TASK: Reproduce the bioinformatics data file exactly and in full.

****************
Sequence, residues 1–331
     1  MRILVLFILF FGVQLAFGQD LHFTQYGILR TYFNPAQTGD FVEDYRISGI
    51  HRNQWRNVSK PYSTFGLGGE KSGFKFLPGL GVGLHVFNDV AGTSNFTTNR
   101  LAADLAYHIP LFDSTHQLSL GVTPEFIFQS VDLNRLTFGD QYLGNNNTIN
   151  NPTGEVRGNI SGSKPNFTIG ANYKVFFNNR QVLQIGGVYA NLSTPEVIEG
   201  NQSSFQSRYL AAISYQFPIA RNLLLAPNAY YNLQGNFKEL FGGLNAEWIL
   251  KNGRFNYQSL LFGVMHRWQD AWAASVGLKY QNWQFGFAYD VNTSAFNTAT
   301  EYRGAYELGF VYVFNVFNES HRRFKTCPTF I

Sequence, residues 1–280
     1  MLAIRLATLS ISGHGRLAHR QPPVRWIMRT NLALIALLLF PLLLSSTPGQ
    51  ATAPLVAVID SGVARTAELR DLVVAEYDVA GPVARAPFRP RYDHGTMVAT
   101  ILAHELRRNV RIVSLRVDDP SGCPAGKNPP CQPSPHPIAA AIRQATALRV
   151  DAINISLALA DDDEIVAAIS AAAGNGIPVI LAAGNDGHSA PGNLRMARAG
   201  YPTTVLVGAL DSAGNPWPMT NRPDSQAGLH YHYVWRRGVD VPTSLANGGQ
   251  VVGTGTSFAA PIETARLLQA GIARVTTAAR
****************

Sequence, residues 1–331
     1  MRILVLFILF FGVQLAFGQD LHFTQYGILR TYFNPAQTGD FVEDYRISGI
    51  HRNQWRNVSK PYSTFGLGGE KSGFKFLPGL GVGLHVFNDV AGTSNFTTNR
   101  LAADLAYHIP LFDSTHQLSL GVTPEFIFQS VDLNRLTFGD QYLGNNNTIN
   151  NPTGEVRGNI SGSKPNFTIG ANYKVFFNNR QVLQIGGVYA NLSTPEVIEG
   201  NQSSFQSRYL AAISYQFPIA RNLLLAPNAY YNLQGNFKEL FGGLNAEWIL
   251  KNGRFNYQSL LFGVMHRWQD AWAASVGLKY QNWQFGFAYD VNTSAFNTAT
   301  EYRGAYELGF VYVFNVFNES HRRFKTCPTF I

Sequence, residues 1–280
     1  MLAIRLATLS ISGHGRLAHR QPPVRWIMRT NLALIALLLF PLLLSSTPGQ
    51  ATAPLVAVID SGVARTAELR DLVVAEYDVA GPVARAPFRP RYDHGTMVAT
   101  ILAHELRRNV RIVSLRVDDP SGCPAGKNPP CQPSPHPIAA AIRQATALRV
   151  DAINISLALA DDDEIVAAIS AAAGNGIPVI LAAGNDGHSA PGNLRMARAG
   201  YPTTVLVGAL DSAGNPWPMT NRPDSQAGLH YHYVWRRGVD VPTSLANGGQ
   251  VVGTGTSFAA PIETARLLQA GIARVTTAAR